Must the person in charge of a law enforcement agency fleet be a uniformed member of that agency? Unlike other positions in a law enforcement department, the degree of law enforcement background matters less when compared to fleet’s specific discipline and specialized experience.
Efficient fleet management is an acquired skill for a professional, according to Spike Bailey, president of L.D. Bailey & Associates, a fleet consulting practice headquartered near Portland, Ore. What many inexperienced, uniformed fleet managers don’t understand is that management should be done on a cost-differential basis.
“You’d rather have your fleet manager be skilled in accounting and be someone who saved the first dollar from the first paper route he or she started than someone who is good at (making automotive) repairs,” Bailey said. “That certainly can be done by a uniformed professional, but he or she needs to go through the proper training.”
The only title relevant to a fleet manager relates not to a badge, but to the level of experience, Bailey commented. That understanding has never been truer than now, when the role requires more discipline and has become more specialized.
The reality is that fewer uniformed personnel are trained in — or interested in becoming — a fleet manager, said Warren Patrick, fleet manager for Harford County, Md., Sheriff’s Department. One reason for this disinterest is the specific training required to meet department fleet goals. Another reason is that fleet management is often considered a “fall-back” position among those pursuing a career in law enforcement.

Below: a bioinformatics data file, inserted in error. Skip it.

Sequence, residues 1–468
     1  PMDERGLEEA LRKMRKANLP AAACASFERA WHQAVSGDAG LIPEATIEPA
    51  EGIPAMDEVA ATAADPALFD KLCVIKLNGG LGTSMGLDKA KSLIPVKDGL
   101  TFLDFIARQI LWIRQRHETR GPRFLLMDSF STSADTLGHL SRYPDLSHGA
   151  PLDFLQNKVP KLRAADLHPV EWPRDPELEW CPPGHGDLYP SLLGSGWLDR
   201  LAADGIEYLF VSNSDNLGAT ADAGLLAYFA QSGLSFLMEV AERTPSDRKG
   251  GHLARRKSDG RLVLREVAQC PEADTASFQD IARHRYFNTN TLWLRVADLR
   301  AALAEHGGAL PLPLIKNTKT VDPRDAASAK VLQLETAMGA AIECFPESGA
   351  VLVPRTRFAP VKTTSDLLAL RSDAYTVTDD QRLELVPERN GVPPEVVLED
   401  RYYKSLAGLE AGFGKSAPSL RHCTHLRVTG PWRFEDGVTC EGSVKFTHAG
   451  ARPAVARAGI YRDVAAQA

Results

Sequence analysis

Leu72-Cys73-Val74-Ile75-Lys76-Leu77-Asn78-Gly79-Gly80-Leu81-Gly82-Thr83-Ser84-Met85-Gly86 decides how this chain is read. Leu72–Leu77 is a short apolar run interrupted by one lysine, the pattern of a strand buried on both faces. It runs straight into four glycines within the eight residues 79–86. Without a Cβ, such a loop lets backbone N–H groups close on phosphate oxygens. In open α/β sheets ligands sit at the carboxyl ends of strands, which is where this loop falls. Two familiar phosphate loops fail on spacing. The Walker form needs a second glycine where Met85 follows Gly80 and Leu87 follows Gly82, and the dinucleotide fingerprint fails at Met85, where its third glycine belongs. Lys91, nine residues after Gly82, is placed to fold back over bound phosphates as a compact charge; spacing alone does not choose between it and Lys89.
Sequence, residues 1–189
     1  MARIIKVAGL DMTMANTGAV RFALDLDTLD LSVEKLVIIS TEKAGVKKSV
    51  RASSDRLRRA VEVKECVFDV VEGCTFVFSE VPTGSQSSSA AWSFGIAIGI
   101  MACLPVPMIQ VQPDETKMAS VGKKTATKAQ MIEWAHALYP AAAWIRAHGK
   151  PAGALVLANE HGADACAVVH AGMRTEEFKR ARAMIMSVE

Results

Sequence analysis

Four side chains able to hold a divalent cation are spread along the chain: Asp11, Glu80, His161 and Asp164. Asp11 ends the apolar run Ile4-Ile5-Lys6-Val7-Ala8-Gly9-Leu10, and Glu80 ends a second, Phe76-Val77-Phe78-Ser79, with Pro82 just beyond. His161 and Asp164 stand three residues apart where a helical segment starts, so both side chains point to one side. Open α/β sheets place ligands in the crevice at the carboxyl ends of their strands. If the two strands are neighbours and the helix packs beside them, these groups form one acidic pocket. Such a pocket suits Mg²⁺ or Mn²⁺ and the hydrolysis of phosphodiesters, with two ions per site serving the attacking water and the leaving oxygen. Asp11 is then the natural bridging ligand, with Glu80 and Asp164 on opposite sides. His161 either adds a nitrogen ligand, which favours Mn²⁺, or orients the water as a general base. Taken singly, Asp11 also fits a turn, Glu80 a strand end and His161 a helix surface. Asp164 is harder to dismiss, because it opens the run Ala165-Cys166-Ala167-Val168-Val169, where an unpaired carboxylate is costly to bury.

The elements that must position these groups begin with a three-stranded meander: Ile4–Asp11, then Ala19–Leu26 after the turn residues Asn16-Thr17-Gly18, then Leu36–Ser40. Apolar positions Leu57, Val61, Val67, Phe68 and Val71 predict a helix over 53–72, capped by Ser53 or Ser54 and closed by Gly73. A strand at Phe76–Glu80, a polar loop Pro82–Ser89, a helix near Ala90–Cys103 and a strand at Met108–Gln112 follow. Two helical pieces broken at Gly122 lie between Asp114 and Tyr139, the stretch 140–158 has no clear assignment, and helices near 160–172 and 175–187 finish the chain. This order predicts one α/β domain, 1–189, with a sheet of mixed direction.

“It’s a role that, in the past, some (uniformed) officers have been assigned because someone had to do it,” Patrick said. “But like other careers, it has become a more specialized position.”
Fleet Benefits from Finance & Budgeting Skills
“Fleet financial decisions must be based on a marginal replacement costs formula and not just total cost of ownership,” said Paul Lauria, president of Mercury Consulting, a Maryland-based fleet management firm. “That is a skill that takes some time to learn and understand.”
Essentially, the uniformed versus civilian fleet manager decision balances agency familiarity against financial skill. Does it make more sense to hire someone familiar with public safety and how departments and politics work who can learn the financial part of the job? Or is it more reasonable to hire someone from outside public safety who can handle the finances, but can learn to deal with the other industry issues the job entails?
“In many ways it might depend on the department’s environment,” Lauria said. “Administration should have a good understanding of which area will be more difficult for a new fleet manager to adapt to.”